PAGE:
OTH: A lot of people when they think about music they don’t think “is it big in my area first?” You talk a lot about in your songs how this guy will mess with your shit but then another guy won’t, but you also talk about that duality exploring, if you really to categorize stuff, let's say the alternative rock is for a whiter community whereas hip-hop is with the more urban communities, and that’s something you actually mention in your song song where you say “Yeah I’m a lightskin but I do--” so can you talk about that a little more? Is that maybe something you want to continue as a theme in your music? Like you’re this guy who has an American mom and a dad from the islands, is this something that’s part of your identity that will influence your music?

L: The thing is, we’re pretty lucky that there’s a lot of ethnicity here so I never felt sort of dualed into “the white family”, “the black family”, I didn’t have that feeling, just because of friends and all that. So had I grown up further away, like I know lightskin guys from rural Quebec and they felt like the outcast or like it’s not normal. But in Montreal there’s so many mixed kids. There’s a bunch of cultures and mixed kids so since day one for me I didn’t really feel that. I feel like the only times you’re reminded of it is by other people. So I can’t say that’s something I’m gonna have because I didn’t have that struggle, but the struggle for me is the music though. Blending rock and hip-hop, I could’ve been fully japanese or fully black and I still would’ve had the same struggle.

OTH: So you wouldn’t agree if someone was like “Lyen Roza is a guy who’s born to a white mom and a black father, he’s an alternative rap artist who takes inspiration from his past” it’s not really that, it’s just you love both genres.

L: Yeah. Like it’s a cool fuckin’ story and I could easily be a phony fuck and could be like “white mom, grew up on rock, black dad, grew up on rap.” that’s not even how it was, it just ended up being like that because I picked up the guitar go into rock music. 

OTH: What’s the coolest thing that’s happened since you started making music?

L: Oh boy, I don’t think there’s one specific thing now because I’m so early in, and I would say that getting DMs is recent, within the last couple of months even. But I think the coolest thing now is that my music could reach anywhere. I’m lucky because I’m still in the early process where there’s very few people so I can still pretty much know, but when there’s more and they become a lot harder to track. I think that’s the coolest thing to hear people say “Yo, we like what you’re doing.” and it just feels a little bit more understood. Connecting with people is the coolest thing.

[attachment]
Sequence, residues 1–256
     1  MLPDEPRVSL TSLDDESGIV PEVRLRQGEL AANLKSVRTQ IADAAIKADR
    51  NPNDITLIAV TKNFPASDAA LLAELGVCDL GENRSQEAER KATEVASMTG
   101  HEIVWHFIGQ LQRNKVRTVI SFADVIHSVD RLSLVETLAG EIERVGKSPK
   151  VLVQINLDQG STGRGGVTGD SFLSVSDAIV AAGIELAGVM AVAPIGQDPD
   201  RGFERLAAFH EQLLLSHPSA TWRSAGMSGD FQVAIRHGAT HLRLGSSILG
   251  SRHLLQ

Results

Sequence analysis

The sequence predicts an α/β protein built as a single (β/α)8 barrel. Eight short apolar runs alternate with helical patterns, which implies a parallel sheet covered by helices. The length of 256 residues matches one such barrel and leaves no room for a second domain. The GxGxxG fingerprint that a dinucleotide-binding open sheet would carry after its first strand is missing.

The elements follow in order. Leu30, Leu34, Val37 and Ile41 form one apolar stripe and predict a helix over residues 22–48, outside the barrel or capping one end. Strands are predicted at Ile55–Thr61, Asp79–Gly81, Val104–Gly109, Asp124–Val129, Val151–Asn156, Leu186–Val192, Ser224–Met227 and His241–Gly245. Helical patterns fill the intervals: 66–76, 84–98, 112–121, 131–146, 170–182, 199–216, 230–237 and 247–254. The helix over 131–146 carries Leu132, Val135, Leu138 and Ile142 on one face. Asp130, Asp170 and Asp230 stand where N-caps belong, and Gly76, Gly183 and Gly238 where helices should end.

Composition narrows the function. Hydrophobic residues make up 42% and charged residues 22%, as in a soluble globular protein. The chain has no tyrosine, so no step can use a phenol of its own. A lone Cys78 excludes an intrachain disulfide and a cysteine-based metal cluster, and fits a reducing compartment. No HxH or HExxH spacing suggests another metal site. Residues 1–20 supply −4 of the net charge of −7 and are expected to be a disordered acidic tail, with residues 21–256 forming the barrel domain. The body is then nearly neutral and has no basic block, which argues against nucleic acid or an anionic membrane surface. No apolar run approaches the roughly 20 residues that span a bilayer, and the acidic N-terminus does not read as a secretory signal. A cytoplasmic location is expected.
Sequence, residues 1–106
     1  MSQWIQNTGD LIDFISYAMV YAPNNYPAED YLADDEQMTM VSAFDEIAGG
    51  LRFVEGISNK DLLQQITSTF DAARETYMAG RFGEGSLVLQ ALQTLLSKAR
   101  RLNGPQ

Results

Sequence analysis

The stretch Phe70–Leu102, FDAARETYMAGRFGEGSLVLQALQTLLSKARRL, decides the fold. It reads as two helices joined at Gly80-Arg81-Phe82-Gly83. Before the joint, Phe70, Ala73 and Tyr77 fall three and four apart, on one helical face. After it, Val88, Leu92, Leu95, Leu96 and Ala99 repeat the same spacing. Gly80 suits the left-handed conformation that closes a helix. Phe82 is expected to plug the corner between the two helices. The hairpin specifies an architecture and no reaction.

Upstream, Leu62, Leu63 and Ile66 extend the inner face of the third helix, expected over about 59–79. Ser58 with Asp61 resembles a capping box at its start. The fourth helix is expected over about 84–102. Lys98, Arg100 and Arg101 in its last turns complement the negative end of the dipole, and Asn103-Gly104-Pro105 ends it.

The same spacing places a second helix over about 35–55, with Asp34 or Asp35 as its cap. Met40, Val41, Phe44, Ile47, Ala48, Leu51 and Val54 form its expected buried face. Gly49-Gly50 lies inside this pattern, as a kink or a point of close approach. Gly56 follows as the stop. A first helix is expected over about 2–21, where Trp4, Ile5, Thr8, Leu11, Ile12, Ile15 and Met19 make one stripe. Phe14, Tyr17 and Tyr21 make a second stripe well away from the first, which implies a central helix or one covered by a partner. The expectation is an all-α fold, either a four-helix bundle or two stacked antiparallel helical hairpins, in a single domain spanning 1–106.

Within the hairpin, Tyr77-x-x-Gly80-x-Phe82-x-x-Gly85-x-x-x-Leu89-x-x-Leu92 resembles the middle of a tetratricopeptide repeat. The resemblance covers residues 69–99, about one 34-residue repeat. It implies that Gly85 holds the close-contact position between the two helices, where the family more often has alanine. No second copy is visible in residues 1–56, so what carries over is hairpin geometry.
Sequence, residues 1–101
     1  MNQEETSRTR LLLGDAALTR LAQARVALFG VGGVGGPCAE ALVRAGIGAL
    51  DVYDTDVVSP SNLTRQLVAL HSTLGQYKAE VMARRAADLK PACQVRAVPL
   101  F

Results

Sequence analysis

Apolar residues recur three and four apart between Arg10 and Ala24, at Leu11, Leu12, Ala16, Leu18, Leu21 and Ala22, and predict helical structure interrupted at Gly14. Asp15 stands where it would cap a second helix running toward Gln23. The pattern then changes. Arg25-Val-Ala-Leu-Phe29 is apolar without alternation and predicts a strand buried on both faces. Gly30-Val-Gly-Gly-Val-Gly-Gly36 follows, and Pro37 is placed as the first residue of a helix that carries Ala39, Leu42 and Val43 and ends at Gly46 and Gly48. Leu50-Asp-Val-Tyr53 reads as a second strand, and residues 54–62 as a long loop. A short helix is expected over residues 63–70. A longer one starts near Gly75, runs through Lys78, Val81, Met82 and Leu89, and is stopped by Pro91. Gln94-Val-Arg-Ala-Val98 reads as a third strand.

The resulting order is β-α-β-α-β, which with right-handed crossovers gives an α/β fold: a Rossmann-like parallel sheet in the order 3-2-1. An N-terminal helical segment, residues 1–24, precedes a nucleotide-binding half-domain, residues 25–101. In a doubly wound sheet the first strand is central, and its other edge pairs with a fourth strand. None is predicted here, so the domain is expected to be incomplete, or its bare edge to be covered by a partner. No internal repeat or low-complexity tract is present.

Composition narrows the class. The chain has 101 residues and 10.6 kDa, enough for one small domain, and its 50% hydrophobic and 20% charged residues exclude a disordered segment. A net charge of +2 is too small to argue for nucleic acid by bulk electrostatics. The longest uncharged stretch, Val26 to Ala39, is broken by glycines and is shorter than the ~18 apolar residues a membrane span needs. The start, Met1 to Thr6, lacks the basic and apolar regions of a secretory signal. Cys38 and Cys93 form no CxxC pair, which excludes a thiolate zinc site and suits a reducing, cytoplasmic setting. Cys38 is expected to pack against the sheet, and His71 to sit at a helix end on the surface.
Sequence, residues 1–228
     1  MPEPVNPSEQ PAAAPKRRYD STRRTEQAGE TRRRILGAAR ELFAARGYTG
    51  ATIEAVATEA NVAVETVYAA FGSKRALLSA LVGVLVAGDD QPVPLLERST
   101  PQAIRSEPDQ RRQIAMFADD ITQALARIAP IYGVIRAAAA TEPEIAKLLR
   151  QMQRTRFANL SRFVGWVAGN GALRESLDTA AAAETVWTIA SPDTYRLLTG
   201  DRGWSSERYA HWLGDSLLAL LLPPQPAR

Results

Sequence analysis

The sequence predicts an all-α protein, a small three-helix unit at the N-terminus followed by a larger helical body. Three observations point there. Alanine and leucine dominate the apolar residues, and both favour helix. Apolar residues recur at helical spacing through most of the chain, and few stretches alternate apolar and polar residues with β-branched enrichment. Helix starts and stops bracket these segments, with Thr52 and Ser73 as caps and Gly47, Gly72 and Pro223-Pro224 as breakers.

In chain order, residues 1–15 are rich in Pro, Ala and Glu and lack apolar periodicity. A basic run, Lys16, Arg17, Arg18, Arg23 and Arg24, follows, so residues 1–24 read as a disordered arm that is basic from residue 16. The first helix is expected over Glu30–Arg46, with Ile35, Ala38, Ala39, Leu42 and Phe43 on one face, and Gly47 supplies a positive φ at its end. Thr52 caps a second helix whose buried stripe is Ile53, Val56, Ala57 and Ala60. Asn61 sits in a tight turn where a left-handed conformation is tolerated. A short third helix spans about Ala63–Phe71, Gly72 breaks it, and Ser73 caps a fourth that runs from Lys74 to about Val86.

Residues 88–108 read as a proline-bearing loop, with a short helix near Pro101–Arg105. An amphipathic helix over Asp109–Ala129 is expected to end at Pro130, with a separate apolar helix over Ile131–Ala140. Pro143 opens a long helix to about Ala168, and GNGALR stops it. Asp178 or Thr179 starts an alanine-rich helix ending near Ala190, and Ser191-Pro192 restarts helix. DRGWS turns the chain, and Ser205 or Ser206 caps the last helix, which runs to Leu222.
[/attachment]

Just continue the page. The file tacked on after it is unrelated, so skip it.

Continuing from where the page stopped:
OTH: How do you want to be remembered through your work? These questions may be harder for you because you’re so early on in your career.

L: The thing is I just want this to be my career so bad that it’s almost more the emphasis than anything else. I think it’s more personal, not even remembered, I don’t want to have the regret that I’m not proud of my work, or I’m not having fun, or I didn’t enjoy the process. I want to be seen as someone who just enjoyed their time doing what they did and created some sick ass shit.

OTH: You mentioned you have a track coming out soon, what’s another big goal you’re looking to accomplish in the near future.

L: It’s gonna be doing shows, it’ll be a big thing for me.

OTH: Have you played a show yet?

L: I did early stuff but it wasn’t with a guitar back then, so that’s a big thing. And it wasn’t my whole sound. So yeah that’s something I’m gonna be really excited to do.

OTH: How long does it usually take you to drop a track yourself?

L: It depends. The track I just dropped last week, “I don’t Give a Shit”, it’s crazy I had the same tempo, probably 50 maybe 70% of those lyrics for a completely different song. The riff was different, the chorus was different, the verses were similar, but the sound, the guitars were completely different. It was a similar cadence, and I changed everything 7, 8 days before it came out, but I had a foundation, so something like that can happen. But the song before I worked on it for almost a month. But with the last two tracks I learned a lot that I can apply to this one that’s coming out, so it’s gonna make the process easier. It’s always gonna depend.

OTH: You’re so focused on your craft and focused on doing things for yourself and staying in your lane, but is there anybody locally that you look up to or would like to collaborate with?

L: Locally it would be Nate Husser man. When it comes to rap, I don’t want to put him into a box, but he falls in the same category of artists that I like.